tv Hearing Focuses on Robocalls and the Do Not Call List CSPAN May 24, 2016 7:56am-9:39am EDT
all of us are plagued by unwanted calls even on our cell phones which is, i think, the point that ms. saunders was getting at. at the same time, you have legitimate companies that are facing needless lawsuits, and consumers are being denied information that they need. and i think what this cries out for a is balanced solution and your input today and testimony, i think, has been very helpful in elevating these issues and getting a discussion. frankly, for that matter, i thought hearing perhaps some common ground when it comes to, you know, the bad, the harassing, the bad actors and the good a actors, and perhaps we'll be able to find a way to come up with some solutions that reflect that common ground. so i want to thank you all very much -- >> mr. chairman -- >> yes. >> is it possible i could ask one more question, and that would be it? >> i kind of expected that would happen so, senator markey, one more question. >> and i appreciate that.
and i know it's an unwanted intrusion. [laughter] >> never unwanted. [laughter] >> but i thank you. last year's surface transportation, the fast act included a provision requiring the irs to hire private debt collectors to collect certain unpaid taxes, attorney general. that means that the irs is going to be hiring many people to go after those who may be unable to pay their taxes. this provision, coupled with the tcpa carveout in the budget deal, will open the floodgates to private debt collectors, robocalling and row -- robotexting millions of americans. the enactment coincide with tax and debt collection scams as a serious problem costing americans millions and millions of dollars. last year bogus tax scams and fake debt collectors topped the better business bureau's list of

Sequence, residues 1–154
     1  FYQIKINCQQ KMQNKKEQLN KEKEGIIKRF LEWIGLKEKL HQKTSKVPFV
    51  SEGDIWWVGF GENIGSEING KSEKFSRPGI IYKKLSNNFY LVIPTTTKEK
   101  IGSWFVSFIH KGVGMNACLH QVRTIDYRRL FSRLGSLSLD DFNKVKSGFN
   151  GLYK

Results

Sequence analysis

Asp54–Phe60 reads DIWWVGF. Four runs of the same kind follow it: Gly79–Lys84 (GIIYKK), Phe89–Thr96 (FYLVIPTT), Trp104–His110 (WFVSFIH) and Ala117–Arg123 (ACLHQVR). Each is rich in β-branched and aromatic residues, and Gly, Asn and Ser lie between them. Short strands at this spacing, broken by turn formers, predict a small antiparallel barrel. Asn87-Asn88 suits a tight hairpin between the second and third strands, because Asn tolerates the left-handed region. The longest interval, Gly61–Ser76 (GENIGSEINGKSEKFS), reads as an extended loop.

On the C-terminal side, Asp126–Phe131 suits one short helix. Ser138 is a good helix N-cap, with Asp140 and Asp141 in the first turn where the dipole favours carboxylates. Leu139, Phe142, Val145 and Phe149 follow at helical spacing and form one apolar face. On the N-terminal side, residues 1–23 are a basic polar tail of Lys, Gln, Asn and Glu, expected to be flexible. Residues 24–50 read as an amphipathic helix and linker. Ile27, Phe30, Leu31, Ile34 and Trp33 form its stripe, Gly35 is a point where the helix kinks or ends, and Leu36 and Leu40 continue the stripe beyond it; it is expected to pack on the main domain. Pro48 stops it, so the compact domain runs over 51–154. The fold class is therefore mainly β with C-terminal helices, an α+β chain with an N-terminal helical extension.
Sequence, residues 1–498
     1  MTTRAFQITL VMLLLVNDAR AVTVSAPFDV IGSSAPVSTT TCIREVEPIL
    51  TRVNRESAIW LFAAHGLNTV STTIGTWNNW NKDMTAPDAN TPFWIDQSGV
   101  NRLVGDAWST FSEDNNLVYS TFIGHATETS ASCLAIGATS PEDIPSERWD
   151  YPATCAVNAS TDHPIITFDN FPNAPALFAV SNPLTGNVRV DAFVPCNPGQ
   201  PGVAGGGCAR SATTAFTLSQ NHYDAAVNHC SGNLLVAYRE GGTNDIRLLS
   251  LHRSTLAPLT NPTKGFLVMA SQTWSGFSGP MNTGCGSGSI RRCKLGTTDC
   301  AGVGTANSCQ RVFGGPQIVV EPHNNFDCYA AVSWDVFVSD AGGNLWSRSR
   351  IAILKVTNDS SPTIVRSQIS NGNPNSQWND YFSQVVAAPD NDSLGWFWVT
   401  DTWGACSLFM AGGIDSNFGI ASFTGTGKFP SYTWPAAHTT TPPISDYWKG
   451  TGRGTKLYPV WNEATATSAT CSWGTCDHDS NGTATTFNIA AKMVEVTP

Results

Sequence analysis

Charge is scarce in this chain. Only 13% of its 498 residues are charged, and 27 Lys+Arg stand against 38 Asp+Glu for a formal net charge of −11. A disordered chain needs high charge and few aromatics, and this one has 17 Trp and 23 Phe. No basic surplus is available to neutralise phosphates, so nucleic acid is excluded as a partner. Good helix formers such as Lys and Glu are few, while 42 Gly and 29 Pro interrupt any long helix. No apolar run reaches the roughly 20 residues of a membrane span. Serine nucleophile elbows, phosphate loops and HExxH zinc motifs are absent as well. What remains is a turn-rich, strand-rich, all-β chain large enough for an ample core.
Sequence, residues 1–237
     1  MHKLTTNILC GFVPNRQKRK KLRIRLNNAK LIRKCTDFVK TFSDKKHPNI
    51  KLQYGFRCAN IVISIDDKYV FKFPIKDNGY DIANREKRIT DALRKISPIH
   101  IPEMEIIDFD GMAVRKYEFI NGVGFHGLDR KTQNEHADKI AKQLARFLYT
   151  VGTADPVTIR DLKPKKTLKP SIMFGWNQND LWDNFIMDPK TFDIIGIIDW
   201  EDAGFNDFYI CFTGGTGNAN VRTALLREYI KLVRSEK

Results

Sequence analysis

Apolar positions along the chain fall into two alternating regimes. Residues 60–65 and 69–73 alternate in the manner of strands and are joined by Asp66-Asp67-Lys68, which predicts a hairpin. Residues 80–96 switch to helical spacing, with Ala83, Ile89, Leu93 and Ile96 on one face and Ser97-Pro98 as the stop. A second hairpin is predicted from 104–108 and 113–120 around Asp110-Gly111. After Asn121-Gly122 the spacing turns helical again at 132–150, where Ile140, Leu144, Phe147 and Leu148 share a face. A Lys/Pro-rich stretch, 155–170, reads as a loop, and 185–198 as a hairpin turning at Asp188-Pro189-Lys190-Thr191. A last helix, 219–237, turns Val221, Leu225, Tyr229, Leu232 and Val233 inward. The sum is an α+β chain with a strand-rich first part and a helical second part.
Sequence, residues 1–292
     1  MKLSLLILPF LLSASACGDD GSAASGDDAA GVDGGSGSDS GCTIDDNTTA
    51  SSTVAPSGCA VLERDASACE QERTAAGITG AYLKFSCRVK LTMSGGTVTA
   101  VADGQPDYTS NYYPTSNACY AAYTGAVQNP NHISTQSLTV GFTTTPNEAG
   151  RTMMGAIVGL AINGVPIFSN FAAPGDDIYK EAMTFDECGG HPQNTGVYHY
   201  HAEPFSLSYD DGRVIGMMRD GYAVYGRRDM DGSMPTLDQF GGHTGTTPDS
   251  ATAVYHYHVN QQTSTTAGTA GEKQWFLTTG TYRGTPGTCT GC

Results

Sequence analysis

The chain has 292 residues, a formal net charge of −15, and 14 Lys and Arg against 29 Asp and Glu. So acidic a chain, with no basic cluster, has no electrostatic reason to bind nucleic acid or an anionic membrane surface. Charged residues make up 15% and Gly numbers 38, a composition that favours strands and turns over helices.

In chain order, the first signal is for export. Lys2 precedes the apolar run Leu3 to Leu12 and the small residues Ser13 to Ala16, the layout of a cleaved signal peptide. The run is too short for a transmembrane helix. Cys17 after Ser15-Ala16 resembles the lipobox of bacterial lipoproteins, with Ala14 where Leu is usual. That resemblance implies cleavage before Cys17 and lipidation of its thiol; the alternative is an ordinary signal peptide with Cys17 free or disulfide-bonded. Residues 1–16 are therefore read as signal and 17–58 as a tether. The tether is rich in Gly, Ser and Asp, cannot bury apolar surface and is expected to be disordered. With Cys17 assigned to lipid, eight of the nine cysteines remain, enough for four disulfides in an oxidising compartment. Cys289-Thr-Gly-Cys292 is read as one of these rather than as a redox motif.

top scams of 2015 with over 32% of all scam reports about phony tax and debt collectorsful so, attorney general, will these two changes in the budget and transportation laws on robocalls and robotext provisions make it harder for consumers to protect themselves from fraudulent tax debt collectors? >> well, there's no question looking at those two coupled together that there was this kind of interest. and, again, like the chairman said, it was put into the must-pass budget. so i think this idea of making the carveout exception really puts consumers at risk, because we've told people, you know, the irs will not call you. and don't worry if you do get the call. so this is not going to be a very effective tool to try to go after people other than the harassment that, if that's supposed to get things done.
and i guess i would heat -- leave it that, again, this carveout is going to make the constitutional question about whether the federal government has now made winners and losers in an area which is really covered with free speech. so you may have really killed the whole tcpa by that carveout. >> yeah. so they become electronic, kind of luca bratz says as debt collectors. ms. saunders, do you agree with the attorney general? >> yes, i do. >> okay, thank you. i appreciate it, mr. chairman, very much. i think we should -- >> thank you, senator markey. >> -- tread carefully. [laughter] >> we do very much thank you for being here, taking the time and responding to our questions. and we will keep the hearing record open for two weeks during which time senators are asked to submit any questions for the record, and upon receipt we would ask all of you if you could submit your written answers to the committee as soon as possible. so thank you all for being here.
>> virginia senator tim kaine, a member of the armed services committee, discusses cybersecurity policy and the importance of intelligence sharing today. he's part of an event hosted by the center for strategic and international studies, live starting at 8:30 a.m. eastern on c-span3. today house oversight committee chair jason chaffetz testifies on the conduct of irs commissioner john koskinen surrounding the irs targeting investigation. congressman chaffetz will appear before the house judiciary committee to urge the impeachment of mr. koskinen. you can see this hearing live, 10 a.m. eastern, on c-span3. this sunday night on "q&a," u.s. senate historian betty coed